Tips for treating bug and snake bites, when to seek medical attention

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CHARLESTON, S.C. (WCBD) – If you plan to spend time outdoors during the holiday weekend, or anytime throughout the summer, be on the lookout for bugs and snakes. While most bug bites are harmless, insects can cause several diseases such as Zika, West Nile, and Lyme disease.

Summer in South Carolina means we’re surrounded by these creepy crawlers. If you find yourself with a bite The Mayo Clinic advises you to take note of your reaction.

Most reactions to insect bites and stings are mild and can cause symptoms like minor swelling, itching, and redness. If this is the case, The Mayo Clinic says to first go inside or to a safe area where you won’t get any more bites or stings. Then, was the area with soap and water. A cold compress can go a long way to reduce pain and swelling.

Other recommendations from The Mayo Clinic:

  • Apply 0.5 or 1 percent hydrocortisone cream, calamine lotion or a baking soda paste to the bite or sting several times daily until your symptoms go away.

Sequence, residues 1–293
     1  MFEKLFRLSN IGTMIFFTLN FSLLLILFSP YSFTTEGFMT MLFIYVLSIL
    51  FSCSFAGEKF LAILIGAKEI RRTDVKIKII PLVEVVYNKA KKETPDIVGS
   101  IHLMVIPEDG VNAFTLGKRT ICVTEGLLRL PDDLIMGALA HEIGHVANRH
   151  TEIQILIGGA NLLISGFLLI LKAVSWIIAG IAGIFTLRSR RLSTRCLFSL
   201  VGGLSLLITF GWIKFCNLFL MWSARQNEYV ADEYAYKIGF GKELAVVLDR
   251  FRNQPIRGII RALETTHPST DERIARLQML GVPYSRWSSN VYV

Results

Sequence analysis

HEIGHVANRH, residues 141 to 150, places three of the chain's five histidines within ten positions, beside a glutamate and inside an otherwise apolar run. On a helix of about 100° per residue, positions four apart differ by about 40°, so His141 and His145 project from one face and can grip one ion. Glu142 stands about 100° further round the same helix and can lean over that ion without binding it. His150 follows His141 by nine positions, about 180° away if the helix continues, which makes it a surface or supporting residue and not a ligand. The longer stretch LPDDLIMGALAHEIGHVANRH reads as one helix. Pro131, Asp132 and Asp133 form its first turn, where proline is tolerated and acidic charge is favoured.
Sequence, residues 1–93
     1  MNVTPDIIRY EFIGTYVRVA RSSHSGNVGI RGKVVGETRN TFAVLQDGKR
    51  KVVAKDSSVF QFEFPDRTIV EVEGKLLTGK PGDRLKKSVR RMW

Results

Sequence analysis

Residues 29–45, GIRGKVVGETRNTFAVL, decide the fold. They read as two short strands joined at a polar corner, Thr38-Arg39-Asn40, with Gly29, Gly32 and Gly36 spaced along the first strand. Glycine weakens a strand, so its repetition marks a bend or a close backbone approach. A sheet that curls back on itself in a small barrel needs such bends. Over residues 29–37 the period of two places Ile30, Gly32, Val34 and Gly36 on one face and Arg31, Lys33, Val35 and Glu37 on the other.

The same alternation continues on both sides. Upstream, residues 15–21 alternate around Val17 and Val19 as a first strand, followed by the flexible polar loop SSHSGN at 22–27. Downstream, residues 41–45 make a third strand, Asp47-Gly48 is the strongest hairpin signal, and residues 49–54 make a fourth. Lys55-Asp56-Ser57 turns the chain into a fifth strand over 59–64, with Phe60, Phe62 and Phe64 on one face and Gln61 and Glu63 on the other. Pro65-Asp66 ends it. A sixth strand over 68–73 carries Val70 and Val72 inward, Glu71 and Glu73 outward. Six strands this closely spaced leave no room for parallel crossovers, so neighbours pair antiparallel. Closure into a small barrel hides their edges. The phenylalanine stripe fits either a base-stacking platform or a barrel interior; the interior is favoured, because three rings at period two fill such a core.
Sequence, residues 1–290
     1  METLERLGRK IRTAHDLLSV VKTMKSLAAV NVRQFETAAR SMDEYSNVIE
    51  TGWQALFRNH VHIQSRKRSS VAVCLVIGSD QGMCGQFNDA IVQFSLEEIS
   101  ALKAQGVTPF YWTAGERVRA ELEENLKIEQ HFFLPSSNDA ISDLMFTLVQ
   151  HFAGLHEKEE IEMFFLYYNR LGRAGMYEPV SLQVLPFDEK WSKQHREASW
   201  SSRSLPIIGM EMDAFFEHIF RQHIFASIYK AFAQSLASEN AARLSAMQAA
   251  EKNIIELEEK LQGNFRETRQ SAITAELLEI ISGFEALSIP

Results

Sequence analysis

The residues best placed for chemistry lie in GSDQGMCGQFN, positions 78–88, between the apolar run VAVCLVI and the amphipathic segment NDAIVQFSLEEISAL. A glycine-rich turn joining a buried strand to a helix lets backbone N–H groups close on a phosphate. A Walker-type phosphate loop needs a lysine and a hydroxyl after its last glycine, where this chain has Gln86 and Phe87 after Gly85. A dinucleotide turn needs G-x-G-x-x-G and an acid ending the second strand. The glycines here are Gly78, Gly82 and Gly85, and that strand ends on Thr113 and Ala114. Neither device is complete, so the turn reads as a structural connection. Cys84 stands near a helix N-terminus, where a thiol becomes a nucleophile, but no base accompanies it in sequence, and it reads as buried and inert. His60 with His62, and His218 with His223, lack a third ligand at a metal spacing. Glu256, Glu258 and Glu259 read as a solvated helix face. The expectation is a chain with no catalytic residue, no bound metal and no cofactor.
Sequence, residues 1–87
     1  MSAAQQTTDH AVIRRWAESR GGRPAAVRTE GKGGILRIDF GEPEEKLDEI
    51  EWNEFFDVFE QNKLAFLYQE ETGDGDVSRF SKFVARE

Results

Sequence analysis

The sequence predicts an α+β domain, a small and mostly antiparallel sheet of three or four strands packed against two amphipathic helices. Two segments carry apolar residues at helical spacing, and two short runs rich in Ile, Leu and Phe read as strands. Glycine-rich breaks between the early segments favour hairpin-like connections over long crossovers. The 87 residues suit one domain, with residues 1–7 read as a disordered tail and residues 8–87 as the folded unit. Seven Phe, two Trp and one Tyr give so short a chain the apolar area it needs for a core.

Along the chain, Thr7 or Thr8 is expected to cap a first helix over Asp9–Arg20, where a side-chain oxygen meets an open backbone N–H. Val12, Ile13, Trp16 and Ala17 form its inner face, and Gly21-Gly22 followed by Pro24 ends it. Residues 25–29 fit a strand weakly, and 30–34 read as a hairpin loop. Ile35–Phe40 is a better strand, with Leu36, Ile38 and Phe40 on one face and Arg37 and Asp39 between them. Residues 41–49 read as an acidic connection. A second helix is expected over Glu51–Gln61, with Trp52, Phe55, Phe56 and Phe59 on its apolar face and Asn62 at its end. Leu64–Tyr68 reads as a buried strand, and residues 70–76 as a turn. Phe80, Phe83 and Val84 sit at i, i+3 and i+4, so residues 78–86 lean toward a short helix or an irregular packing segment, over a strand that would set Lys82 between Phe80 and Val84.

• Take an antihistamine (Benadryl, others) to reduce itching.

If more concerning symptoms, like dizziness, difficulty breathing, swelling of the eyes or throat, or nausea occur, seek medical attention.

“Any bug sting where you’re having trouble breathing or you feel swelling in your throat you should immediately go to the emergency room and any snake bite you should go to the emergency room,” said Dr. Noelle Jennings of Roper St. Francis Hospital.

Other symptoms to be on the lookout for include rapid heartbeat, swelling of the lips, hives, cramps, or vomiting.

The Mayo Clinic advises taking these actions immediately while waiting for medical help:

  • Ask the person if he or she is carrying an epinephrine autoinjector (EpiPen, Auvi-Q, others) to treat an allergic attack.
  • If the person says he or she needs to use an autoinjector, ask whether you should help inject the medication. This is usually done by pressing the autoinjector against the person’s thigh and holding it in place for several seconds.
  • Loosen tight clothing and cover the person with a blanket. Don’t give him or her anything to drink.
  • If the person is vomiting, position him or her to prevent choking.
  • Begin CPR if the person shows no signs of circulation, such as breathing, coughing or movement.

While at the family cookout or enjoying a fireworks show, use Environmental Protection Agency (EPA) registered bug repellents.

The American Academy of Dermatology advises applying sunscreen first, letting it dry, and applying bug spray on top.

Copyright 2021 Nexstar Media Inc. All rights reserved. This material may not be published, broadcast, rewritten, or redistributed.


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